Data Strategy
20 MORE Hot Data Tools and What They Don't Do

Sarah Catanzaro

This post was originally published on Medium and is a collaboration between Pete Soderling (founder, Data Council & the Data Community Fund), Sarah Catanzaro (partner, Amplify Partners) and Abe Gong (co-founder, Superconductive).

In the past few months, the data ecosystem has continued to burgeon as some parts of the stack consolidate and as new challenges arise. Our first attempt to help stakeholders navigate this ecosystem highlighted 25 Hot New Data Tools and What They DON’T Do — clarifying specific problems the featured companies and projects did and did NOT solve.

This effort was positively received by the data science, engineering and analytics communities, and spurred more engagement than we originally anticipated. Further, we were flattered to see the original post motivate other thought-provoking pieces such as 20 Hot New Data Tools and their Early Go-to-Market Strategies.

Taking it Further

Regardless, we quickly recognized our original post did not go far enough as we received dozens of emails, Twitter messages and Slack DMs about other solutions that were not covered. We had shed light on a small corner of the expanding universe of data tools and platforms, yet there was an opportunity to cover even more.

Although we cannot chronicle every additional data tool in just one follow-up post, here we continue our efforts to cultivate this ecosystem by highlighting a few more. The creators of these tools are not only occupying meaningful parts of the ever-evolving modern data stack, they graciously responded to our requests to help us understand where they fit in.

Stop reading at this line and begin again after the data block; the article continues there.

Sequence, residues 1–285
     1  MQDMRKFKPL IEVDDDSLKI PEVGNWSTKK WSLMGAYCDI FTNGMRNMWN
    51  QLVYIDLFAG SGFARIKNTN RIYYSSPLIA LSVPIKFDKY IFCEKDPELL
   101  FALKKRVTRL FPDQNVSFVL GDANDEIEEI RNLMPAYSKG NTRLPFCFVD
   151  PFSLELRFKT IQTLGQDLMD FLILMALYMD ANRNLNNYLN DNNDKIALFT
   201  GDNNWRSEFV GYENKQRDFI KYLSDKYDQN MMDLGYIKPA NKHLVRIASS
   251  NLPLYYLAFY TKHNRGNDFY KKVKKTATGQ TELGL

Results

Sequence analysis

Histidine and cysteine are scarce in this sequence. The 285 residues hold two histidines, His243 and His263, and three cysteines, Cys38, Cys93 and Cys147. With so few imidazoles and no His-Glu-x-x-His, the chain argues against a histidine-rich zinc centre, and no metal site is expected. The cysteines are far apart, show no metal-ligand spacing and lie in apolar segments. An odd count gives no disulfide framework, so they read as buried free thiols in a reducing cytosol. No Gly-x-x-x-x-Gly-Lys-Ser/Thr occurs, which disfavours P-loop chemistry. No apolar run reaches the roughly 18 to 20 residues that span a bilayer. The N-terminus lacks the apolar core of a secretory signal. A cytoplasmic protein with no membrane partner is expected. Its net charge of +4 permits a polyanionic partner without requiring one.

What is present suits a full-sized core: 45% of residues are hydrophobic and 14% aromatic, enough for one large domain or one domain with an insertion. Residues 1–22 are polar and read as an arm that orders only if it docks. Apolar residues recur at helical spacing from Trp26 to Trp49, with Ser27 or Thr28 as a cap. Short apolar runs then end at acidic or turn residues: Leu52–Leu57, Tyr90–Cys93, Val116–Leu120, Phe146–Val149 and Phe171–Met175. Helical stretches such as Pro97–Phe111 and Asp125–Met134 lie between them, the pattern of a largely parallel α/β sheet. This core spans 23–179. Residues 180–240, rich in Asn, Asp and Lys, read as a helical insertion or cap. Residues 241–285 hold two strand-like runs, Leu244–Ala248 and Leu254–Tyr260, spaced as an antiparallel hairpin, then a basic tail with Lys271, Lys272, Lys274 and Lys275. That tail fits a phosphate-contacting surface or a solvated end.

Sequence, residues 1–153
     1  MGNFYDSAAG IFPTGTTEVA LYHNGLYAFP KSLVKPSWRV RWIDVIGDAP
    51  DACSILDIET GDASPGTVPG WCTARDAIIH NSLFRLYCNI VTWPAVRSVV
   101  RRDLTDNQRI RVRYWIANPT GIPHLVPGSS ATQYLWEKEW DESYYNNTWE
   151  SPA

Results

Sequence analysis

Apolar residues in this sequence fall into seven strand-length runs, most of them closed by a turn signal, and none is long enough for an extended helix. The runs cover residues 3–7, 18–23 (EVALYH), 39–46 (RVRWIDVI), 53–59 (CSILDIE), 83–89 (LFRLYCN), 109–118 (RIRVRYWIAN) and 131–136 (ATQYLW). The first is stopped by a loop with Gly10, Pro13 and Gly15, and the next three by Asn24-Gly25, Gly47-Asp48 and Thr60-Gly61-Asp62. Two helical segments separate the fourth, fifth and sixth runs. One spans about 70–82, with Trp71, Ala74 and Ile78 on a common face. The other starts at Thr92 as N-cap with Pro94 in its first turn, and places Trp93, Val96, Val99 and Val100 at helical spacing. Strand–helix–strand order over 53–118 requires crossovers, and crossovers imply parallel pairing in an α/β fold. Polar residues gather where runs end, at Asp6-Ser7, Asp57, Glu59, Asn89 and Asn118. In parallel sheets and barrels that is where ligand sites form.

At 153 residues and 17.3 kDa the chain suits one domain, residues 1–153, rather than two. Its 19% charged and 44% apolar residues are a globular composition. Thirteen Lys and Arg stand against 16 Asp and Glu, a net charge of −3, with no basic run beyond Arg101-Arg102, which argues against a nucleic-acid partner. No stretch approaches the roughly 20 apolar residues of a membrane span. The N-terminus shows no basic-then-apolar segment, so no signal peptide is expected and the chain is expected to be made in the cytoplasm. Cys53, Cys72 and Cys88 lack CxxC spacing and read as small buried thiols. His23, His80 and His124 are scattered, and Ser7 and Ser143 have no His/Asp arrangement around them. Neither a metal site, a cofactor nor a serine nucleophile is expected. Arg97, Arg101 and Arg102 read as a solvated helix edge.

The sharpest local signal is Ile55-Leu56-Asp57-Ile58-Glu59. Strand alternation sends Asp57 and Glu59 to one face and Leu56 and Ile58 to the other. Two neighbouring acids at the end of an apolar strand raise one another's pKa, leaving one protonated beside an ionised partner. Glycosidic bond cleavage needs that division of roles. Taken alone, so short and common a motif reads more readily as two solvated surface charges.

They sound-off here in their own words.

More Tools and Responses

  1. Shipyard: Shipyard is a workflow orchestration platform that helps teams quickly launch, monitor, and share data solutions without worrying about infrastructure management. It lets users create reusable blueprints, share data seamlessly between jobs, and run code without any proprietary setup, all while scaling resources dynamically. Shipyard is NOT a no-code tool and does not support data versioning or data visualization.
  2. Count: Count is a data notebook that replaces dashboards for reporting and self-service, and supports data transformation. Count is uniquely good at team collaboration, enabling technical and non-technical users to work within the same notebook. Count is NOT a data science notebook.
  3. Castor: Castor is uniquely good at organizing information about data to support data discovery, GDPR compliance, and knowledge management. Through a plug-and-play solution, Castor builds a comprehensive and actionable map of all data assets. Castor is NOT a data visualization or BI tool.
  4. Census: Census is uniquely good at syncing data models from a warehouse to business tools like Salesforce. It complements existing warehouses, data loaders & transform tools to enable data teams to drive business operations. It is NOT a no-code tool nor does it automagically model your data; it relies on analysts writing models in SQL.